Marketing/Making of the St. Patrick's Day Green

Thursday, March 17, 2011 by Kevin W. Reszel

As we settle in to celebrate St. Patrick's Day 2011, I can't help but notice the unfortunate, ever-growing, holiday juggernaut that is ... the marketing/making of the St. Patrick's Day green. Raised Irish Catholic south of Chicago (south side Irish don't you know), St. Patrick's Day was always a family day filled with fun, food and frolic.  Yes.  frolic.  ;-) But over the years, like many Americanized holidays, St. Patrick's Day has taken on a "forced" commercial flavor that for many revelers and realists, for many reasons, leaves somewhat of a bad taste in the mouth. Even in the old country, St. Patrick's Day is becoming a day of marketing/making of the green rather than a celebration of heritage and culture.  Case in point, until most recently, pubs in Ireland were closed on St. Patrick's Day as it was and remains a day of worship.  Here in America, you could also say that St. Patrick's Day is a "holy day" with many, at the end of the day, on their knees worshiping at the almighty porcelain toilet forced to revisit an over-indulence/consumption of green bagels, green beer, green eggs and ham and so on.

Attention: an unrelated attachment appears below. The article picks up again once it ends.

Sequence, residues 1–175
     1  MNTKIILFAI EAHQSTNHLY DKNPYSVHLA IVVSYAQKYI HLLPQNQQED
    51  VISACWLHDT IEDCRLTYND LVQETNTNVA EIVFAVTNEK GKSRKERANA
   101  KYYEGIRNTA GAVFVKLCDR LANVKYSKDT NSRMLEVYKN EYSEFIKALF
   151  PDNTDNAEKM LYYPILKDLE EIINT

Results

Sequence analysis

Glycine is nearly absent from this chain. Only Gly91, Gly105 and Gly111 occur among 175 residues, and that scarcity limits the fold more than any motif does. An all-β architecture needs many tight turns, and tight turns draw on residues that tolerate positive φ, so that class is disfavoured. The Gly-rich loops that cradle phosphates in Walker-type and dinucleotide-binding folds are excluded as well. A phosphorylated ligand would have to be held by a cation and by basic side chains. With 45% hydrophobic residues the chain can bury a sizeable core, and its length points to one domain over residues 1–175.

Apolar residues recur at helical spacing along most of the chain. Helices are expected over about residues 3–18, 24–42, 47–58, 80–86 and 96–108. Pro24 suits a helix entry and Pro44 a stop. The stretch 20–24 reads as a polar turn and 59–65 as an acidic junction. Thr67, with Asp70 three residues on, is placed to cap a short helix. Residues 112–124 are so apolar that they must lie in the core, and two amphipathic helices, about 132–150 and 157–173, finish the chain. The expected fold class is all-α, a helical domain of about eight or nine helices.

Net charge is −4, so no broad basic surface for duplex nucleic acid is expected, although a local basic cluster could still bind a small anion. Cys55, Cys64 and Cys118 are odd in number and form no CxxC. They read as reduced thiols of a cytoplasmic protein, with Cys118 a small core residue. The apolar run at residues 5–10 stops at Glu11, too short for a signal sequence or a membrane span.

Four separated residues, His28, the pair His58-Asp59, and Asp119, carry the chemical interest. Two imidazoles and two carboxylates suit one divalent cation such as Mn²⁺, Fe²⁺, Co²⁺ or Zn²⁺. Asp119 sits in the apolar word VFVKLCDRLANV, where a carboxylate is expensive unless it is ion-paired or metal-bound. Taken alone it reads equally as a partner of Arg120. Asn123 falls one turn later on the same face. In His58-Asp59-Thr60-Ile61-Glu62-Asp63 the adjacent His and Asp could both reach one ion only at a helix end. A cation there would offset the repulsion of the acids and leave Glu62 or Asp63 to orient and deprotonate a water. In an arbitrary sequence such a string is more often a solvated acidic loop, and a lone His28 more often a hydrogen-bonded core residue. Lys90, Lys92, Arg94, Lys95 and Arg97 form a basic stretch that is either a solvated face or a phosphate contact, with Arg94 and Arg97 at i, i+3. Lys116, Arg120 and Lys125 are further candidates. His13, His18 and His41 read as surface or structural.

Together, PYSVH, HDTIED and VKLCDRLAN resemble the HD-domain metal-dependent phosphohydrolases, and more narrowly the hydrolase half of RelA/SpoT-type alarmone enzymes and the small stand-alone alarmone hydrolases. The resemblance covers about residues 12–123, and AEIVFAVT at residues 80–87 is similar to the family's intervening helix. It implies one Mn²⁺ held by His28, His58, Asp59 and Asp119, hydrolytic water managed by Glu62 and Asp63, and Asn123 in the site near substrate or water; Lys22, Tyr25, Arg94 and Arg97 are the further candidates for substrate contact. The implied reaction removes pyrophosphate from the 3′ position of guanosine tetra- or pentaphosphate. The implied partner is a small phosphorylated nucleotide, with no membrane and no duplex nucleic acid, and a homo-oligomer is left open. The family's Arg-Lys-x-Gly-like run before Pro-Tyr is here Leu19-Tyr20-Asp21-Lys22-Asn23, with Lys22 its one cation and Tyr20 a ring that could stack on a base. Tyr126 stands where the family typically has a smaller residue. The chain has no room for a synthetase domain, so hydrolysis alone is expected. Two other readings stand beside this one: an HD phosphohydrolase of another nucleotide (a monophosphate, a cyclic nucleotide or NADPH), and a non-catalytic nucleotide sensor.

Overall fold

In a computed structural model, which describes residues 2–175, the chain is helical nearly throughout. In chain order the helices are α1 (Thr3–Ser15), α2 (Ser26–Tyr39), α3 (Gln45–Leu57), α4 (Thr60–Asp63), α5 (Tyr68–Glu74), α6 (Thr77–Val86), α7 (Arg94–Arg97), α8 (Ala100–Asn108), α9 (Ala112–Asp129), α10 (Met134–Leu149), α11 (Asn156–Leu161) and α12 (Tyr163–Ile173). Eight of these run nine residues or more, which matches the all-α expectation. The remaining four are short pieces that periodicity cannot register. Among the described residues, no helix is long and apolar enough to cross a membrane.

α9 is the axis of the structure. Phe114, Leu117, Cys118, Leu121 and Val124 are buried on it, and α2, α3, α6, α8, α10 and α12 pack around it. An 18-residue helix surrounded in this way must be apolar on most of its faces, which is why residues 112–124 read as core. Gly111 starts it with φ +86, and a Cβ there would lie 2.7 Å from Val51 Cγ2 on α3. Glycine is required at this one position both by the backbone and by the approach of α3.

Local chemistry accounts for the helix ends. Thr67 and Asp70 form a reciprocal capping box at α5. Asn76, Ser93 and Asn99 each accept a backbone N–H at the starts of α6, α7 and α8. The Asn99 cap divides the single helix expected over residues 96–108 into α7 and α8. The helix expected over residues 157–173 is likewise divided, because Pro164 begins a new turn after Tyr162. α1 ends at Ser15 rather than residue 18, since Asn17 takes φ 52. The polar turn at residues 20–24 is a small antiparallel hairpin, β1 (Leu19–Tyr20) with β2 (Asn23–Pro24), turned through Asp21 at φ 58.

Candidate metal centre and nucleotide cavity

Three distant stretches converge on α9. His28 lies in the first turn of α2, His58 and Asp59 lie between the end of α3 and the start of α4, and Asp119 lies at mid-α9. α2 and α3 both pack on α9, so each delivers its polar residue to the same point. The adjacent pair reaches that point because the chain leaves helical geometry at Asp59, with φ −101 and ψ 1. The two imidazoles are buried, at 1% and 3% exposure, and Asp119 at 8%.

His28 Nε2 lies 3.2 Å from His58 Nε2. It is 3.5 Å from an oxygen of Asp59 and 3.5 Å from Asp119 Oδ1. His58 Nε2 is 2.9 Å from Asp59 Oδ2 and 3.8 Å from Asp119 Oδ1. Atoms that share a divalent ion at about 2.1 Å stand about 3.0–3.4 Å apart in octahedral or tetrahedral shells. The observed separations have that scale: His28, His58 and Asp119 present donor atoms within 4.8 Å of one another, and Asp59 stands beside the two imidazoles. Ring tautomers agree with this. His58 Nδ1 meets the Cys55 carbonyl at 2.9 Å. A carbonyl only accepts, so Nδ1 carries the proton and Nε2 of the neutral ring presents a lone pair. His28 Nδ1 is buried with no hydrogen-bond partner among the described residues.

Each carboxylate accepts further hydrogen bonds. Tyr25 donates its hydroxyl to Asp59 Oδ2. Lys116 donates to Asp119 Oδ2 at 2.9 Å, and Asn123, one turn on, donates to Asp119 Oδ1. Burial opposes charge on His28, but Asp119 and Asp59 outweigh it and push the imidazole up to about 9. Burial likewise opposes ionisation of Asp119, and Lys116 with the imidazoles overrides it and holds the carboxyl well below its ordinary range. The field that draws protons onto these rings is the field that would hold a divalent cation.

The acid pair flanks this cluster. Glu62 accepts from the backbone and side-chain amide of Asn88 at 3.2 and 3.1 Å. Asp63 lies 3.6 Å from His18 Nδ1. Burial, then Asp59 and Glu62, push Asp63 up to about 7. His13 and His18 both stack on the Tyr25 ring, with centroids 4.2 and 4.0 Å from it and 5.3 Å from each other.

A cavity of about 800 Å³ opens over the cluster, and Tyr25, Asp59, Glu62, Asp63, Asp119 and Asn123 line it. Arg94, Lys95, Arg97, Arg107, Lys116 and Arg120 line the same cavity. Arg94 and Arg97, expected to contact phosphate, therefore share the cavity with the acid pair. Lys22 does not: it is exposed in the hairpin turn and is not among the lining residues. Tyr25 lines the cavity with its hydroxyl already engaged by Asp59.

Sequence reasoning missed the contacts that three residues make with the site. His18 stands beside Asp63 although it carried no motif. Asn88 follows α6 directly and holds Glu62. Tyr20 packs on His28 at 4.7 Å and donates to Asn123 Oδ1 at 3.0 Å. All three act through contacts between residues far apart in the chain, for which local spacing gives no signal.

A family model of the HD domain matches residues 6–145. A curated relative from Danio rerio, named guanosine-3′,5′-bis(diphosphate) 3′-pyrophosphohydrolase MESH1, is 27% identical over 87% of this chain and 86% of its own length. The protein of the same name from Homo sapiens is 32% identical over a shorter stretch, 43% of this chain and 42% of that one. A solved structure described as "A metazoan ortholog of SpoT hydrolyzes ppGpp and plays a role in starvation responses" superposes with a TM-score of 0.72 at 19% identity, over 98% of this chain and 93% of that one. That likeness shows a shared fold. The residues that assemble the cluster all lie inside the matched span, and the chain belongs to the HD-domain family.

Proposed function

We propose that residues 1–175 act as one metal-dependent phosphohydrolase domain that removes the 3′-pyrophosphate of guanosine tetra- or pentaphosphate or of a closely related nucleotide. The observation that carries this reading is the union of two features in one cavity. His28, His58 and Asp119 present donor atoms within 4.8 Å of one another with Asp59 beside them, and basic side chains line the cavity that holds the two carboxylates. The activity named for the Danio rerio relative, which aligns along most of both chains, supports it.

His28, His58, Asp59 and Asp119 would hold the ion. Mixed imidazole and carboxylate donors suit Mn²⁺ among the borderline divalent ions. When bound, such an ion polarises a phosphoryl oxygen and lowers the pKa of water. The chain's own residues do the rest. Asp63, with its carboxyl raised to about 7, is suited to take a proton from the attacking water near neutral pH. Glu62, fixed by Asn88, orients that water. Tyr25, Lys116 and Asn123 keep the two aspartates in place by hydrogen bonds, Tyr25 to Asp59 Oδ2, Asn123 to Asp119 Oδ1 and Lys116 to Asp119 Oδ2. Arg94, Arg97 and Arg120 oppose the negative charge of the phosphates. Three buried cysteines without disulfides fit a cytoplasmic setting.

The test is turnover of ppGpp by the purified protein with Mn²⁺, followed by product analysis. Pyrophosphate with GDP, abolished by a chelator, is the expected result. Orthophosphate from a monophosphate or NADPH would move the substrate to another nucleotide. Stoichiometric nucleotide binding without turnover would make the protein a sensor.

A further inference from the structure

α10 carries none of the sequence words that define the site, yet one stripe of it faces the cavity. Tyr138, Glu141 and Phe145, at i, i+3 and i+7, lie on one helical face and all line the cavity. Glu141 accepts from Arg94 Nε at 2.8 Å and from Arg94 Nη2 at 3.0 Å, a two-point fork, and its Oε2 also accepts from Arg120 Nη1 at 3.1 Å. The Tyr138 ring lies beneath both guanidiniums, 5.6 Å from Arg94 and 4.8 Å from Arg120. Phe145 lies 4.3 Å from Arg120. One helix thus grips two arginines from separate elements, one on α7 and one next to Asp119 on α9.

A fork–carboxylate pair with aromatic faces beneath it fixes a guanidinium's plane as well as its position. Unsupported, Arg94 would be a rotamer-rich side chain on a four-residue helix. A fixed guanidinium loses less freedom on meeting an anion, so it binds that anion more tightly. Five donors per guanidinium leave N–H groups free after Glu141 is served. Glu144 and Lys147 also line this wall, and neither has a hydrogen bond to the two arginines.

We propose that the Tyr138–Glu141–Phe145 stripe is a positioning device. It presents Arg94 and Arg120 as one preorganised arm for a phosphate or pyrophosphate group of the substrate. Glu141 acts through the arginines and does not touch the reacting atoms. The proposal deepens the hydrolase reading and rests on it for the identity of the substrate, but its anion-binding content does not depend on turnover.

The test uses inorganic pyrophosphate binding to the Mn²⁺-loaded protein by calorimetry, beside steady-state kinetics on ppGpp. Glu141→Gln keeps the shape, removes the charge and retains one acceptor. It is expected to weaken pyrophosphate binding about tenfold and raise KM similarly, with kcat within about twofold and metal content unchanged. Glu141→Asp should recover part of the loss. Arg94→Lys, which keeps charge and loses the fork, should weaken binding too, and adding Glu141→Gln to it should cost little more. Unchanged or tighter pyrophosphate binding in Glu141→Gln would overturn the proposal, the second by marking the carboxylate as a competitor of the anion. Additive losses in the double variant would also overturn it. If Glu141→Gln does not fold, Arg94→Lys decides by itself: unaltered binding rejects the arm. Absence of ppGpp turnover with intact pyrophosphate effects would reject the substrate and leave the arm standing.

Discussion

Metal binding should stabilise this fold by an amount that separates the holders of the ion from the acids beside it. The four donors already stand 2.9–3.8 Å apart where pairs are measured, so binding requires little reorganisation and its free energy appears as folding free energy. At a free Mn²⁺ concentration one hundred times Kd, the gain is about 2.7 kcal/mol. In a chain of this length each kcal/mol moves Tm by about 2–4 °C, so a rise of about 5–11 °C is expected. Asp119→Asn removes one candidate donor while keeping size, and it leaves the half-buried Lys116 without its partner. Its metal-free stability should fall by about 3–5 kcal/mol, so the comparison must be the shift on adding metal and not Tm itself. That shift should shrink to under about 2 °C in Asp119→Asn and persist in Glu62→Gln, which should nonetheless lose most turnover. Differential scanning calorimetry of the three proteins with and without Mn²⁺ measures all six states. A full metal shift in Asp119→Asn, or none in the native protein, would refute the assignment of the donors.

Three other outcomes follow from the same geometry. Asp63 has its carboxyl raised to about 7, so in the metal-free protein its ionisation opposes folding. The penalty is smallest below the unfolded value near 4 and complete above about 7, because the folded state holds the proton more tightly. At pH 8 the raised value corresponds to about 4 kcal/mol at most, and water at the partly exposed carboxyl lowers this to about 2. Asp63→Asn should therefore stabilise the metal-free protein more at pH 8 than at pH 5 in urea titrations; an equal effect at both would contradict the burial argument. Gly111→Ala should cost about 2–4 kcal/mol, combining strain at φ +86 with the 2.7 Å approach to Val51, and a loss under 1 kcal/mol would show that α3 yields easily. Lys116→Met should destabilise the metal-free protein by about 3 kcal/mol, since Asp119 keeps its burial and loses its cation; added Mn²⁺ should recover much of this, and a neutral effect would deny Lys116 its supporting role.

Nowadays there are Kiss Me I'm Irish merchandise and competitions, Shamrock Shakes, Lucky Charms, Pot-O-Gold lottery tickets, etc., etc., etc.  And don't even get me started on the whole corned beef and cabbage pot-luck-dnner thing.  For years restaurants and diners across the country have seen green serving up corned beef and cabbage to patrons happy to plunk their greenbacks down for what could be deemed one of the more untraditional Irish-isms ever!  Once and for all people, corned beef and cabbage is NOT traditional holiday fare in Ireland or anywhere else ... other than America of course.  At the end of the day, St. Patrick's Day that is, reality finally steps in and then realization sets in ... no denying it, the St. Patrick's Day marketing/making of the green is here to stay.  Or better said as an old world Irish proverb ... 'Tis better to spend money like there's no tomorrow than to spend tonight like there's no money.'